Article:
Aves, p�le ornithologique de Natagora

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Aves, 40/1-4 | 2003 | 228-240

  The conservation status of Eastern Mauritania’s ephemeral wetlands and their role in the migration and wintering of Black Storks (Ciconia nigra).
Shine, T.

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Article summary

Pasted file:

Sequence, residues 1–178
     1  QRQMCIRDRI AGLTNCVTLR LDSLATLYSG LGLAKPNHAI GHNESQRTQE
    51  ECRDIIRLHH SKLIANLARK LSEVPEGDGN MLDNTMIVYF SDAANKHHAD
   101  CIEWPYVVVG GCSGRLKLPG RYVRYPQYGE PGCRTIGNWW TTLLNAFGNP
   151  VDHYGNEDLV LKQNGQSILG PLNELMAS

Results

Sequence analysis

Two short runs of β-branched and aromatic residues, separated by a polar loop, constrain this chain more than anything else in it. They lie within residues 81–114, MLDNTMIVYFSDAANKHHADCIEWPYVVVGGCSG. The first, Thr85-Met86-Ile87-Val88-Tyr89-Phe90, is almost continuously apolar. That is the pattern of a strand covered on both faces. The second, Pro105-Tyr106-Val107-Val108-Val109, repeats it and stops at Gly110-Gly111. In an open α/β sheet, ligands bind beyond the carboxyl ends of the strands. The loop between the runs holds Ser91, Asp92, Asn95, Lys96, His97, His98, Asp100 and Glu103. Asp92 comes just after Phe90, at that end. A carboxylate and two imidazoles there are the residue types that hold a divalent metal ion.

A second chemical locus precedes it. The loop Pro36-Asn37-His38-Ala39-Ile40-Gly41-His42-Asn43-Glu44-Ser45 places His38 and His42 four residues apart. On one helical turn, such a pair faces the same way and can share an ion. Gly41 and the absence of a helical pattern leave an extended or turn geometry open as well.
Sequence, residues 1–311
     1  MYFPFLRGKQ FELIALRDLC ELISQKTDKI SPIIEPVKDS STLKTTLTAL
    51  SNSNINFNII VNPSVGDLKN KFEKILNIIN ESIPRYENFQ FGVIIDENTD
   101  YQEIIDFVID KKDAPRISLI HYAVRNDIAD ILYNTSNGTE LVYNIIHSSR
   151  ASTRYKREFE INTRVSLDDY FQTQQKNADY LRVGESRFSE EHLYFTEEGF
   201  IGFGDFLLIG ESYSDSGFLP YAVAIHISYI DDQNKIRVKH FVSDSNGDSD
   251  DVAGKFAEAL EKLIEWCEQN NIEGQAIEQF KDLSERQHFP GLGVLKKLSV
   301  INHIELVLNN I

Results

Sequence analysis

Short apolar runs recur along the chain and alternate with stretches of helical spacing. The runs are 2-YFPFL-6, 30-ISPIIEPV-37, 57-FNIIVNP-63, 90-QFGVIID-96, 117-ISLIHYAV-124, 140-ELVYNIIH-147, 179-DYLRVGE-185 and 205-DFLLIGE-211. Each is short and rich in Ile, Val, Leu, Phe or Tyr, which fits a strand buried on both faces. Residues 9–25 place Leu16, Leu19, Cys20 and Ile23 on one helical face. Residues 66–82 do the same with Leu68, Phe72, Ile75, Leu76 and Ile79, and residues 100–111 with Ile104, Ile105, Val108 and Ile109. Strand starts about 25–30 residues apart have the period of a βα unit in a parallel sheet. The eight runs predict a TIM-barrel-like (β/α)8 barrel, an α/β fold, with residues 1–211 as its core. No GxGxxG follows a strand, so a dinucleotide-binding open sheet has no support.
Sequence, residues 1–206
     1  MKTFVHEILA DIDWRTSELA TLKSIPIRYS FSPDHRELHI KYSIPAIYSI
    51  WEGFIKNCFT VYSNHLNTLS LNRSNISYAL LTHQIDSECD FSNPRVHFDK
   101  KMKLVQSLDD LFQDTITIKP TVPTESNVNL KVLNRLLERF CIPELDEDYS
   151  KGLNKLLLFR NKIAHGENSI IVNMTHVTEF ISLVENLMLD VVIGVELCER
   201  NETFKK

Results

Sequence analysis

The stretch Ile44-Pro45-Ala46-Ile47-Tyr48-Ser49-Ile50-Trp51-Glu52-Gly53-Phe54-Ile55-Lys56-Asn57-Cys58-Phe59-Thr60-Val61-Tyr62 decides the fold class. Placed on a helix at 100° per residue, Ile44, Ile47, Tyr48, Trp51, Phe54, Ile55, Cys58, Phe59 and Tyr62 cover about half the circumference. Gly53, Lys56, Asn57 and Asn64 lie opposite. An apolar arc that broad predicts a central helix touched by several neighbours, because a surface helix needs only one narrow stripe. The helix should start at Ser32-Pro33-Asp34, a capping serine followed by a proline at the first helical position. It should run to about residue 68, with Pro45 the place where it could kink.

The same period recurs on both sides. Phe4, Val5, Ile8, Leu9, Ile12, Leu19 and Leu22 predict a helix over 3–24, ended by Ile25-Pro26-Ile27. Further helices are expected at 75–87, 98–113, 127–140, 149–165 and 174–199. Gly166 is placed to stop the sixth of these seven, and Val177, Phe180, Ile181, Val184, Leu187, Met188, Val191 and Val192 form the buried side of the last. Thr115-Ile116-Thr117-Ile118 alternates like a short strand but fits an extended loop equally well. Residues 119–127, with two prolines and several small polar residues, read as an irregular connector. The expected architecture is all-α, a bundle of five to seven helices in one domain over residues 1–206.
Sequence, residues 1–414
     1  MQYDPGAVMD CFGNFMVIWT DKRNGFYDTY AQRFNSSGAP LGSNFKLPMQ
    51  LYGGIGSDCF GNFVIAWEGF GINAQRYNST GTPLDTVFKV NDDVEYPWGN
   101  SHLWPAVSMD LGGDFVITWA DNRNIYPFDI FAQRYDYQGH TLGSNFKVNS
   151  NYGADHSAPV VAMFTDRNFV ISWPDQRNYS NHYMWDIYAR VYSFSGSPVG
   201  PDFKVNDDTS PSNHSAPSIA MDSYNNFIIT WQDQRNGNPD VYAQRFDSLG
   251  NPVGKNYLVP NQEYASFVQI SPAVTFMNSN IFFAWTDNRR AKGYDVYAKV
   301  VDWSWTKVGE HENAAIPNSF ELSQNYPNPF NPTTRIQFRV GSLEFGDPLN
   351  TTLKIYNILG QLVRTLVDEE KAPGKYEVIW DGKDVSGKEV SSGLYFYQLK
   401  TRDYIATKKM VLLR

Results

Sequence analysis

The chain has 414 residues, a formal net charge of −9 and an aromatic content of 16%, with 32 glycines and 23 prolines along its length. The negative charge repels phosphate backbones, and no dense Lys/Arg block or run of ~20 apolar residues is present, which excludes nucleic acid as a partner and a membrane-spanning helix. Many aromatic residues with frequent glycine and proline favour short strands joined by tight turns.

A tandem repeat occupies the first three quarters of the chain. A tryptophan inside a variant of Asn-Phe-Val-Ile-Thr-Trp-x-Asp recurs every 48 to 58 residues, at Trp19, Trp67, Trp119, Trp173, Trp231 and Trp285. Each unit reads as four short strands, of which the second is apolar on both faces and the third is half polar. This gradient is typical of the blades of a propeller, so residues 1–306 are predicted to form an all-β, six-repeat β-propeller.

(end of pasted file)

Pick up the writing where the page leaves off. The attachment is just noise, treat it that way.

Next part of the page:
Research carried out on the ephemeral wetlands of eastern Mauritania since September 1999 sheds new light on the dynamic yet critical role that these wetlands play in the life history of Palearctic migrants. A wide range of data has been collected on the ecology of these temporary waterbodies to give a better understanding of their environmental and economic functions. Aerial and terrestrial counts of waterbirds from 1999 to 2002 indicate the importance of these wetlands for Black Storks. Information from the field complements remote satellite tracking of Black Storks from Europe to their wintering grounds in West Africa. This helps to rationalize the motives for stop-overs by the Storks in seemingly arid, inhospitable locations. Preliminary efforts have been made to inventory and cjassify the ephemeral wetlands of eastern Mauritania by the author in collaboration with project GIRNEM of the german technical co-operation (GTZ). The ensemble of wetlands unprotected and 3 sites have been proposed as Ramsar sites. Human population growth, sedentarisation and national food security policies are increasingly putting pressure on wetlands; islands of productivity in an otherwise arid land. The lack of a national wetlands strategy and the autonomous approach takem by development projects in developing wetland resources, increases the risk of damaginf a fragile ecosystem. With so much effort being put into the conservation of Black Storks in their breeding grounds, it seems controversial that there is so little information on their status in their wintering grounds.

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